Wednesday, May 9, 2012

Re-Fusing The Box

With the rear of the car assembled, I was itching to try out my new tail lights but unfortunately, they required a power source of some kind.  I decided that even without an engine, a certain amount of fun could be had with an electrical system... if I had one.

So, I set out to bring Ol' Rusty to life by giving her an electrical system.  I had decided long ago to reuse the existing harness because it looked okay to me.  I dug it off the shelf and set to cleaning it up and upon inspecting the fuse box saw... rust?  Rust?  In a fuse box?  Can't I get ONE friggen part of this car that doesn't have rust!?  Oh well, I did a search for clips and found that new sets of fuse box clips are sold by most of the Mustang parts dealers.  They cost around $30 a set though which is pretty pricey for a set of 10 small metal clips.  You'd think they'd be like $1 each or so?  I searched the various electronics dealers (Digikey, Newark, etc) and couldn't locate any clips that were exactly like the originals.  VMF user, MidLife, quoted some part numbers in various VMF threads but the parts that came up under those numbers didn't look right to me so I just went ahead and paid the big bucks for my clips.  Also, there is an "Instructable" on doing this task (but in a Falcon) which served as my motivation.  Lastly, the guy who did the Instrucable told me that the contacts he uses are purchased via eBay for about $10 a set.  Unfortunately, this was after I had already purchased the more expensive clips.  Search eBay for "64-67 Ford Falcon Mustang Fuse Box Repair Kit".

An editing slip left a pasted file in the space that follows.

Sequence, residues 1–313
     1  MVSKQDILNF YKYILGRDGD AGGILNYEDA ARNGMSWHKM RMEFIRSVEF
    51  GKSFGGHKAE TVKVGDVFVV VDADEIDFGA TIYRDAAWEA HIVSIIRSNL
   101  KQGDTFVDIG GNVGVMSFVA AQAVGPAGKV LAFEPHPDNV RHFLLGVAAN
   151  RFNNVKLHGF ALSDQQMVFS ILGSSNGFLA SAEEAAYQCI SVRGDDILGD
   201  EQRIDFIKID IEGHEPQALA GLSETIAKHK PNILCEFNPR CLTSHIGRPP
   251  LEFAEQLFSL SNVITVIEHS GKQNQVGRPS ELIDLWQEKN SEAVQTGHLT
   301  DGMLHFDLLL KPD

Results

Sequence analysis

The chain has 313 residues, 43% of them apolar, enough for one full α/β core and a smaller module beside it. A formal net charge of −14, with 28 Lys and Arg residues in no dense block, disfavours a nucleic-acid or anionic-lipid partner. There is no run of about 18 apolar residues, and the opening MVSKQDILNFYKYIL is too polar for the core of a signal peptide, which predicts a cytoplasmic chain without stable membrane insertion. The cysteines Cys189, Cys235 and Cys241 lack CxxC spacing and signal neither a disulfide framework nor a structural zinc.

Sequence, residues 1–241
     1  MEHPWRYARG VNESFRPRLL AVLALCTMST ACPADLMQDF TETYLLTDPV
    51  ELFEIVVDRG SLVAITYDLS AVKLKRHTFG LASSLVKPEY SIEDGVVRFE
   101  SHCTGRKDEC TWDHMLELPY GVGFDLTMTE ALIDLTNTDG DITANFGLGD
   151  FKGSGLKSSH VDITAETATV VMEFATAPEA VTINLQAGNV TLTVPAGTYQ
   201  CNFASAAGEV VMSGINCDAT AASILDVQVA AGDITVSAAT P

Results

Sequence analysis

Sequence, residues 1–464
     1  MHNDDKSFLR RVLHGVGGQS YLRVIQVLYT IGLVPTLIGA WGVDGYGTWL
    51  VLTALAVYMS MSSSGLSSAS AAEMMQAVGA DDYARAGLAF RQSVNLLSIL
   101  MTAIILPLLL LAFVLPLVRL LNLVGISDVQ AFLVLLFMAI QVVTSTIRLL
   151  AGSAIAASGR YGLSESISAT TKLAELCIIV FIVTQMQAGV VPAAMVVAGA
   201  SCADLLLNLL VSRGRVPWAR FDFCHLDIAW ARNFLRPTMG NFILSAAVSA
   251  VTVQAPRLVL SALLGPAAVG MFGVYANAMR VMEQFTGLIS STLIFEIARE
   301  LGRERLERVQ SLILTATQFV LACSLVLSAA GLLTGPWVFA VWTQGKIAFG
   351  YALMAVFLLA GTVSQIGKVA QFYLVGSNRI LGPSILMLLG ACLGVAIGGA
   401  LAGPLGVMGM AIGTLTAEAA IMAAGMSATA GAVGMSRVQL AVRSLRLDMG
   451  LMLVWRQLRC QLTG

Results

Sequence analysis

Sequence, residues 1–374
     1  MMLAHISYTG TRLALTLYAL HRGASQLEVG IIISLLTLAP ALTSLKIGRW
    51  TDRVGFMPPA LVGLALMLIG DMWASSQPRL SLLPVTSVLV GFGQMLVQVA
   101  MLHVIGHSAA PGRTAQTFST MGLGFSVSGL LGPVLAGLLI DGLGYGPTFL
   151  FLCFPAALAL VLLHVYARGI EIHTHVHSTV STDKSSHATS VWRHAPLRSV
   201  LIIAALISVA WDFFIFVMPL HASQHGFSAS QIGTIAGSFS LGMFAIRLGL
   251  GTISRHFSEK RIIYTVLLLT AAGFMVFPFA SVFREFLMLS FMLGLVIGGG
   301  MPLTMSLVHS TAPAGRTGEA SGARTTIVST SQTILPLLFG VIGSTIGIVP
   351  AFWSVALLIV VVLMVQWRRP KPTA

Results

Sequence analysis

When I received the clips, I compared them to the originals and found that although they were a dimensional match, they were considerably heavier gauge metal than the originals.  You'd think this would be a good thing but it presented some issues, not the least of which was the great difficulty in crimping the wires into the tails.  The small tabs would actually snap off before they would bend over.  Possibly, this could be avoided by heating the clips first but it really turned into a pain for me quickly.  I finally decided to just solder everything.